At this point, our conclusion is that the SwarmPlugin has issues with the bitrate. As
can be seen, a high enough bitrate means the video doesn’t work. Some of the time (non-
deterministic) playback in VLC would also not work. There may be something wrong
with our video files but the plugin definitively has its problems.
We will do more testing to investigate whether the bitrate is solely responsible for
this issue and whether that is because of the NextShare plugin implementation, the VLC
implementation or the video file format (codec, container).
Due to our discovery of problems regarding bitrate variation influencing quality (or
functionality) of video playback, we are considering the possibility of providing the end
user with multiple versions of the same video file: different resolution, different bitrate,

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Duration Bitrate Resolution Framerate Format Plugin VLC VLC
(minutes) (kbps) (fps) (Win) (Win) (Lin)
3 350 800x600 25 AVI Yes Yes Yes
3 350 800x600 25 OGG Yes Yes Yes
3 700 800x600 25 AVI Yes Yes Yes
3 700 1440x1080 25 AVI Yes Yes Yes
3 1050 800x600 25 AVI No Yes Yes
3 1050 1440x1080 25 AVI No Yes Yes
3 1400 800x600 25 AVI No Yes Yes
3 1400 800x600 25 OGG No Yes Yes
3 1400 1440x1080 25 AVI No Yes Yes
3 1400 1440x1080 25 OGG No Yes Yes
3 3857 1440x1080 25 MTS N/A Yes Yes
46 1400 1440x1080 25 AVI No Yes Yes
46 1400 1440x1080 25 OGG No Yes Yes
5 1400 1440x1080 30 AVI No No No
5 1400 1440x1080 30 OGG No Yes Yes
5 1400 1440x1080 30 WebM doesn’t start Yes Yes
5 3857 1440x1080 25 MTS No Yes Yes

Table 1: Video Files Testing

different codec, different container. That would imply some disparate statistics but may
provide the user with better quality of experience when using a “less demanding” video
file.

6 User-centric Experiments
During December (30th of November to 20th of December) we have undertaken a medium-
sized experiment for evaluating the NextShare technology and user satisfaction. The
Living Lab site was the center of the experiment: it provided the interface for download
the NextShare plugin, linking video files, publishing the feedback form and providing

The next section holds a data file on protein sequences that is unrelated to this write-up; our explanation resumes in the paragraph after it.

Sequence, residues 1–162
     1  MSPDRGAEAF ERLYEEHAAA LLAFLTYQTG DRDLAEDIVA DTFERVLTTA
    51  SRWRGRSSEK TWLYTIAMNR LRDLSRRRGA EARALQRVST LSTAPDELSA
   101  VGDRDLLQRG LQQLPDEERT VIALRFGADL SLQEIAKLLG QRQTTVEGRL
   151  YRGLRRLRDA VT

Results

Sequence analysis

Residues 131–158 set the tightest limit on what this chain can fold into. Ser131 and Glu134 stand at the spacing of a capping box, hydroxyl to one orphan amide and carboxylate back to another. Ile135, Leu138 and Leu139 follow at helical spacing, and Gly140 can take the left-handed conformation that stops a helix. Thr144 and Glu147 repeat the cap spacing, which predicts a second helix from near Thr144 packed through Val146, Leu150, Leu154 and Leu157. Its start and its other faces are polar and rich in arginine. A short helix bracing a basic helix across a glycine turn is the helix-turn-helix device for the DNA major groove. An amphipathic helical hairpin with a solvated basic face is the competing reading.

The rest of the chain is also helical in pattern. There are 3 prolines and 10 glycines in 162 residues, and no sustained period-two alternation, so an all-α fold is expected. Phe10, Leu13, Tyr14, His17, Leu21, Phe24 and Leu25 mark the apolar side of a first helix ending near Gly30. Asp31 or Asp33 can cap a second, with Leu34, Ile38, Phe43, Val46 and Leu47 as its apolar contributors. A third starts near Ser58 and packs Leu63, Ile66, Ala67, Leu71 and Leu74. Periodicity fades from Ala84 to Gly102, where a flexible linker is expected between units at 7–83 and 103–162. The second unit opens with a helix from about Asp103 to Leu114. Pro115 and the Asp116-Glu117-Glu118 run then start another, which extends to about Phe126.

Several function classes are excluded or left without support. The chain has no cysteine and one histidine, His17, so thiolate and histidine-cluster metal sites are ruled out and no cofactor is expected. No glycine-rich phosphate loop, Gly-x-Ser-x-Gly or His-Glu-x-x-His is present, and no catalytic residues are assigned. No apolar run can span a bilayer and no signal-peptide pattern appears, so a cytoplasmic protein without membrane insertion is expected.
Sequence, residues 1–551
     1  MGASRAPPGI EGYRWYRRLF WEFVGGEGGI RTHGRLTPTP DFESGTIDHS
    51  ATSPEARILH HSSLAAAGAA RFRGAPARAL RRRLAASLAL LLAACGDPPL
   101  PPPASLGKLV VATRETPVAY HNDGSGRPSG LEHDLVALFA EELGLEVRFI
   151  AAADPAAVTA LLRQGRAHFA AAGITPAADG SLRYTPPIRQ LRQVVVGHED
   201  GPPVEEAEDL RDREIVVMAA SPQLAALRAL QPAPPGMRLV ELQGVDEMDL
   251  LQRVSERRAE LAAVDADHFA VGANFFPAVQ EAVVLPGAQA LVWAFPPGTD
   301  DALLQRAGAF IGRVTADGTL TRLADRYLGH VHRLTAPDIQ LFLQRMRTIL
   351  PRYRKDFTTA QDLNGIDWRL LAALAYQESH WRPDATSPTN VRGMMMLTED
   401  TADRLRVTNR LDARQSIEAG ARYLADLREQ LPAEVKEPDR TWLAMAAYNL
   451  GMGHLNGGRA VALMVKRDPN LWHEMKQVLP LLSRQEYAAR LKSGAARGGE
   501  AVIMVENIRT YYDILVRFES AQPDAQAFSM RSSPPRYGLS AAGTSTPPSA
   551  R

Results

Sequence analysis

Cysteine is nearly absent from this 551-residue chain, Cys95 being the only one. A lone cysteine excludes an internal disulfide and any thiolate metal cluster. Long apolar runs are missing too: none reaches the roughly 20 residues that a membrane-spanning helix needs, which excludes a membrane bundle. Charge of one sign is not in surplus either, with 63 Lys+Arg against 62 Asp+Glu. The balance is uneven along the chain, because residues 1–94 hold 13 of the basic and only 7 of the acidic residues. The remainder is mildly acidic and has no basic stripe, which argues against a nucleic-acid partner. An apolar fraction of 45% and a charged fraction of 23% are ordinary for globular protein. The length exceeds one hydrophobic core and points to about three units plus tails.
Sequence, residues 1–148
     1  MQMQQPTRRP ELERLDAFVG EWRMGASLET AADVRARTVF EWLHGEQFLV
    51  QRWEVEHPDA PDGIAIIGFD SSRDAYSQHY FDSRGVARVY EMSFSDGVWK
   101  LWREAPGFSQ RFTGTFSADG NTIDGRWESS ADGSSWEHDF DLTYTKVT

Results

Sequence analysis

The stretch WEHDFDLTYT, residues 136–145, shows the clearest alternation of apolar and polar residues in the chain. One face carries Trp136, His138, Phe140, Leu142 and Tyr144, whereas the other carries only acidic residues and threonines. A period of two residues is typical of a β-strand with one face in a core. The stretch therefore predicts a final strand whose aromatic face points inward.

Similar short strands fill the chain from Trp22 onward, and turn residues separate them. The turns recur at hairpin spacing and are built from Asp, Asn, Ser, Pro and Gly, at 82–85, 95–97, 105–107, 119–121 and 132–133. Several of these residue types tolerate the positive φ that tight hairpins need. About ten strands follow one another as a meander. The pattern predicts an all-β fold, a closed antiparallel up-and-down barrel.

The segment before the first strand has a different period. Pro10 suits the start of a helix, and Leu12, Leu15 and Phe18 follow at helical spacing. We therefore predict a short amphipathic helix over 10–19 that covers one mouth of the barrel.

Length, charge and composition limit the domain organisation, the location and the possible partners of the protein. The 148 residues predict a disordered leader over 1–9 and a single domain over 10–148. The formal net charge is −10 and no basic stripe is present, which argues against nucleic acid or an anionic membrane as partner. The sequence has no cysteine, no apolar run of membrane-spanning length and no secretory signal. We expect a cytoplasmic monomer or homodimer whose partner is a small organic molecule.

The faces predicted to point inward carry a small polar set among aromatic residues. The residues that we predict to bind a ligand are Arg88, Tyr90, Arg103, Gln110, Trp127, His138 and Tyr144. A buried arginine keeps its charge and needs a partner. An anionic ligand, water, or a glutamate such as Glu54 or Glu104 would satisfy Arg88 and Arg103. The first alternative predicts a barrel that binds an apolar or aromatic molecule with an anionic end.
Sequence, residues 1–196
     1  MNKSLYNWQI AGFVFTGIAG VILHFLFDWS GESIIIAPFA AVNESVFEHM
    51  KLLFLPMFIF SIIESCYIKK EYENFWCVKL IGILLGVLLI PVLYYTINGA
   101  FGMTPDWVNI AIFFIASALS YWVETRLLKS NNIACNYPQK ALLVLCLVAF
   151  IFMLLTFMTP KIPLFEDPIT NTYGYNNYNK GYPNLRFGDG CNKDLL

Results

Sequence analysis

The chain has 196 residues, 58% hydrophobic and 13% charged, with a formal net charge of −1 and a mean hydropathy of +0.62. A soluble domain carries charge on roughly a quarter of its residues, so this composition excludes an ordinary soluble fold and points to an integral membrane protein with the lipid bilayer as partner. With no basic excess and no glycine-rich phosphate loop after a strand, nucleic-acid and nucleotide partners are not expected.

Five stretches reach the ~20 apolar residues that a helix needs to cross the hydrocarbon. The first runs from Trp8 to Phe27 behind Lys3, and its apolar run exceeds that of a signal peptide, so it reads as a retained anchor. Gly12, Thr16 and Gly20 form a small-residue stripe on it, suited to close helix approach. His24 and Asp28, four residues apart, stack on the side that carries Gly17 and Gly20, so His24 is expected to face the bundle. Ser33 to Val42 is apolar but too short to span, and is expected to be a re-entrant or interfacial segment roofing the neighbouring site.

support through the forum.
Users were mostly students at the University Politehnica of Bucharest.
In order to collect information regarding the problems we enabled an FTP upload
form to allow users to provide us their log files.

6.1 Experimental Setup


The experiment used the infrastructure described in Section 3.
The Living Lab site links various video files that may be played back through the
NextShare plugin. Video files are HD files with variable length (3 to 30 minutes) from
social events and technical presentation in the local university. During the last two months
multiple events have been filmed and will be published through the local Living Lab portal.
The site links recent version of the NextShare plugin (Internet Explorer and Firefox) for
user download.

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Video files are HD content. They are encoded using H264 and use the AVI container.
Each file is incorporated into a .torrent file and provided to users on the Living Lab
site.
Users were also allowed to access a support forum where we could provide them with
answers and suggestions.

6.2 Experimental Results


A total number of 54 users completed the feedback form. The feedback consisted of the
following questions:

1. Did you have any problems during the installation?

2. Did you successfully install the SwarmPlugin?

3. In case of problems, what were the issues you encountered?

4. How would you classify the quality of the video playback?

5. How would you classify the plugin’s interface?

6. What was the average download speed?

7. What OS are you running?

8. What browser did you use for testing the SwarmPlugin?

9. What version of the browser are you running?

10. What are your computer hardware specifications?

11. What is your external IP network address?

12. What videos did you watch?

13. Do you have any comments, remarks or suggestions?

A brief of the results in the feedback:

• 13 users had problems installing the plugin and most of them were unable to properly
start the playback;

• video playback was deemed mediocre (a score of 2.4 out of 5); some may be due to
the problems in installing the plugin;

• the plugin interface

• most users used the Firefox version of the Plugin;